I think you're right-on about this.


I'm also wondering if they're planning on adding "premium" content for an additional price (stuff from some premium cable channels, etc.)

In other news, Netflix co-founder (and former Netflix employee) Marc Randolph asks if Netflix messed up (and answers, "no"): http://t.co/eUQ9NPh3.

#258 Thom Wade

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Posted 26 September 2011 - 03:16 PM

I had a thought of that myself. I could even see a split between older and newer films, along with "premium content." I also wonder if they would split between standard and HD.

#259 Peter T Chattaway

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Posted 27 September 2011 - 12:00 PM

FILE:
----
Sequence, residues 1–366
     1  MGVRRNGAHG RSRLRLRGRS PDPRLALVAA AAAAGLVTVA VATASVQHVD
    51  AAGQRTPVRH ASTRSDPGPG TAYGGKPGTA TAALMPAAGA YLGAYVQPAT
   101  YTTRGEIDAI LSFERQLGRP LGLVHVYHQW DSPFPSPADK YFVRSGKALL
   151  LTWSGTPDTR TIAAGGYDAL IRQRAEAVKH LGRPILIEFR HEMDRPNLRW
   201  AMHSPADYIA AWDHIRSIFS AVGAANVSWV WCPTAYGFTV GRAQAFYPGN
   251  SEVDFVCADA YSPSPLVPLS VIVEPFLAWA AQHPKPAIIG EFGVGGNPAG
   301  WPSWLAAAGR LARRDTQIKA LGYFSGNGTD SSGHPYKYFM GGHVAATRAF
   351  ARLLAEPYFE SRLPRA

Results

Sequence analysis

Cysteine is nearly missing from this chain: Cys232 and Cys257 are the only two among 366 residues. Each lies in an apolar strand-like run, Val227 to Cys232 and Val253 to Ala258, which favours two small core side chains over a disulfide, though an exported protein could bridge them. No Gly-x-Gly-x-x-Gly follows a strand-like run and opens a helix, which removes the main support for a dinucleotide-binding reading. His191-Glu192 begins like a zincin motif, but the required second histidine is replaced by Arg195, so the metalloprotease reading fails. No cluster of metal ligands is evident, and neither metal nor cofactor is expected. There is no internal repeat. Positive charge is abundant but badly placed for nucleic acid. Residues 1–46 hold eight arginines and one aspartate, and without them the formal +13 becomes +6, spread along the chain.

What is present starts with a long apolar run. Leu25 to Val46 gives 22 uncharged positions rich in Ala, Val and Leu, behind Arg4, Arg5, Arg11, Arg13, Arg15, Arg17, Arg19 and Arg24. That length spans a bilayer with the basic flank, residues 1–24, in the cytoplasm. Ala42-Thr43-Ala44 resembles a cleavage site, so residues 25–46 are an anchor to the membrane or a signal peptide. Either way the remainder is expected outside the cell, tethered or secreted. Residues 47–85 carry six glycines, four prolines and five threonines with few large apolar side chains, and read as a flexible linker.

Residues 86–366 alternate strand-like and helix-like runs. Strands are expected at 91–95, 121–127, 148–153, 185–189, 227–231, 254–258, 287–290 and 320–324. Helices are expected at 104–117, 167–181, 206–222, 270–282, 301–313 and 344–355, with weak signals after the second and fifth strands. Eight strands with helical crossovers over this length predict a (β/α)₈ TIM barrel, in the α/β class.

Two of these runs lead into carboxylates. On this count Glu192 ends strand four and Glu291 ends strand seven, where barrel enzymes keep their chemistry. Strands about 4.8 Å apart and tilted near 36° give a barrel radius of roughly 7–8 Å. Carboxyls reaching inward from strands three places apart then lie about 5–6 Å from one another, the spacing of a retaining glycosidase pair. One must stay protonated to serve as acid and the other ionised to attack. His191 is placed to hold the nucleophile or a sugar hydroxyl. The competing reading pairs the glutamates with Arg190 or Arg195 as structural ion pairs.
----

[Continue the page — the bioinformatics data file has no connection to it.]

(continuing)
Nezpop wrote:
: But it is an add on.

Was, but not is. Not is. Not now. In the world outside the U.S., streaming is the only thing Netflix has ever offered. And clearly that is where Netflix sees the future in the U.S., too.

: I suspec it is only a matter of time before Netflix creates a tiered pricing format to replace unlimited streaming.

Perhaps, but they're going to be competing with all sorts of other online streaming sites.

#260 Thom Wade

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Posted 27 September 2011 - 02:49 PM

Perhaps, but they're going to be competing with all sorts of other online streaming sites.


True. But soon they will need to offer more than Hulu Plus, among others. Under the old system, you had an option for new movies. Now, the latest movies are not available to viewers. They have more movies than Hulu Plus, but they don't have many newer movies-especially once the deal with Starz ends. They have lots of tv seasons, but cross paths there with Hulu Plus who have next day availability of new shows for many major networks (this is not really relevant outside the U.S. tho). It seems like they went full digital without much of a pitch to stay with them.